Indian soldier who strayed into Pakistan may have crossed LoC knowingly
Preliminary investigations into the circumstances in which the Indian soldier crossed over into Pakistan have revealed that the jawan may have wilfully crossed the Line of Control (LoC) after an altercation with his superiors.india Updated: Jan 26, 2017 10:00 IST
Preliminary investigations into the circumstances in which the Indian soldier crossed over into Pakistan have revealed that the jawan may have wilfully crossed the Line of Control (LoC) after an altercation with his superiors. India has maintained that Chandu Chavan had ‘inadvertently’ strayed across the LoC.
Chavan was found missing from his post in the Poonch sector on September 29, the day the army announced it had conducted surgical strikes against militants following the attack in Uri that killed 19 soldiers.
Highly placed officials told HT, “Chavan had an argument with his superiors over distribution of duties after which he abandoned his post.”
Lt Gen DS Hooda, Northern Commander, confirmed this to HT saying, “I received information that the jawan had gone missing from his post after an argument with the JCO (junior commissioned officer). Soon, we got information that he had gone across.”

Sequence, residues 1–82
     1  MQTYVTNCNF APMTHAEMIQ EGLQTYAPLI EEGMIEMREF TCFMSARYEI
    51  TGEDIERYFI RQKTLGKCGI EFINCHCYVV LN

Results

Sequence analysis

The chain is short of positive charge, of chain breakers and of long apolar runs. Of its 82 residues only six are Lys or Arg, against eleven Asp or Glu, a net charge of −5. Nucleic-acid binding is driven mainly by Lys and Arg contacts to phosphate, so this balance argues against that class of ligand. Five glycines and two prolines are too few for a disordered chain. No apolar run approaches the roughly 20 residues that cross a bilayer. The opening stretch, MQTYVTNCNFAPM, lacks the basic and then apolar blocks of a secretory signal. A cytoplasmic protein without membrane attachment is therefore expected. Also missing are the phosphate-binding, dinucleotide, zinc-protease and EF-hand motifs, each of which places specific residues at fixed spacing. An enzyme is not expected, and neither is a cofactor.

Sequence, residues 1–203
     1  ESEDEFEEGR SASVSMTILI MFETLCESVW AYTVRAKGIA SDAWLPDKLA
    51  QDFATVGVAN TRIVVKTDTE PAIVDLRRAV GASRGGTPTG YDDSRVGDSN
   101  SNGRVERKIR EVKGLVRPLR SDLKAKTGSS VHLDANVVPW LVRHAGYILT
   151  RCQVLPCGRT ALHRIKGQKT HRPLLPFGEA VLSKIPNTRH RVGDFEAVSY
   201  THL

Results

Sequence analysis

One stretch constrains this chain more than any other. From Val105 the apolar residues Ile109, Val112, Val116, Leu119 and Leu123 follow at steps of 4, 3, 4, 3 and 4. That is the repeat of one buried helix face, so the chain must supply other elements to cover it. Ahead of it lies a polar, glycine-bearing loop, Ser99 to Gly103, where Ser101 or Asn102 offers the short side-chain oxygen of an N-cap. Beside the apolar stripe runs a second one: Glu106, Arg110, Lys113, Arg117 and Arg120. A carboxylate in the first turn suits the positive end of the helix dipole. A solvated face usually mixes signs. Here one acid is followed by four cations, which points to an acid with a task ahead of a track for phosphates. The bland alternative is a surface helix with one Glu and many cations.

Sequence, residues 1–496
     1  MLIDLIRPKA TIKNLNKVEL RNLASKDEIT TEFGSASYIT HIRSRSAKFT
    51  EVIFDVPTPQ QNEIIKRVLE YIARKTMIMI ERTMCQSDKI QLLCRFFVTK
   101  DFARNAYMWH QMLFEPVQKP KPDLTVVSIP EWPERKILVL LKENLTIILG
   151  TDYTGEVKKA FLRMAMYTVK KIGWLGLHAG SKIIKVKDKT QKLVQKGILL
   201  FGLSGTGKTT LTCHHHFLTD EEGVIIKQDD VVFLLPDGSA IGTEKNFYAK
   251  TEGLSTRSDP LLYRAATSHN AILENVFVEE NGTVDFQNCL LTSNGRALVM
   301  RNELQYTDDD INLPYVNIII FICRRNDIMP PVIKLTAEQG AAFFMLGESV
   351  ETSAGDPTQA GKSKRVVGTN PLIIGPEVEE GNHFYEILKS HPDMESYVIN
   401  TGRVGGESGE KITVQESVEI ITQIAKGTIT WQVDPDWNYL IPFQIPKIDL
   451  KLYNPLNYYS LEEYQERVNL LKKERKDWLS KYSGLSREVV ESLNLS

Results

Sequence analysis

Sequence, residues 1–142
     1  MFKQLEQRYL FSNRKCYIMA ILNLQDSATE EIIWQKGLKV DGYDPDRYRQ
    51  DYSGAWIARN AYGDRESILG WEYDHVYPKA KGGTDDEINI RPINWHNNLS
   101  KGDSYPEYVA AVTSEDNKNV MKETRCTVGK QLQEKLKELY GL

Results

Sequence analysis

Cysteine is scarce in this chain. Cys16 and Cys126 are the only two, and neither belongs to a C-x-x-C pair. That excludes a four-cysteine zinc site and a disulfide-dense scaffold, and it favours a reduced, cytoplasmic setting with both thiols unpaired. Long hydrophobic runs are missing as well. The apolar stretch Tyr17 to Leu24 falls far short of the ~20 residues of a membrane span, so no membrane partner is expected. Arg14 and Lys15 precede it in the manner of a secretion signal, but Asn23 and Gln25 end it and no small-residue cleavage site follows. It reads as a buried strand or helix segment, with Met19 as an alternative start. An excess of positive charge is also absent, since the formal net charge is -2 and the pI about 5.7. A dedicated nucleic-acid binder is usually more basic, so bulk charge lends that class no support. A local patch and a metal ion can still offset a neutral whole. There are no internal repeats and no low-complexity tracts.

Hooda, the northern army commander in September, retired in November-end.
Chavan was posted with 37 Rashtriya Rifles, a unit specifically tasked with manning forward posts on the fence along the Line of Control.
Said a senior official, “It is unlikely that he would not be aware that Pakistani territory lies across the fence.”
Efforts to secure Chavan’s release were immediately made through conversations on the DGMO hotline. The India-Pakistan director generals of military operations speak on the hotline once a week but were speaking more often then since the surgical strikes had just taken place.
Efforts to secure his release yielded results only after four months. Soon after Chavan was handed over to the Amritsar division at Wagah border on January 21, a press release from the Inter-Services Public Relations, Pakistan army’s information wing, said the soldier was “convinced to return to his own country” after he deserted his post “due to his grievances of maltreatment against his commanders”.
While the JCO has told his seniors about the argument, Chavan’s testimony is still underway. Deserting a post while on duty is an offence that can lead to a court martial but a final decision will be taken only after Chavan’s debriefing is completed, in which he will get a chance to put his side of the story. An army official confirmed that Chavan would be taken back to his unit in Poonch as part of the inquiry.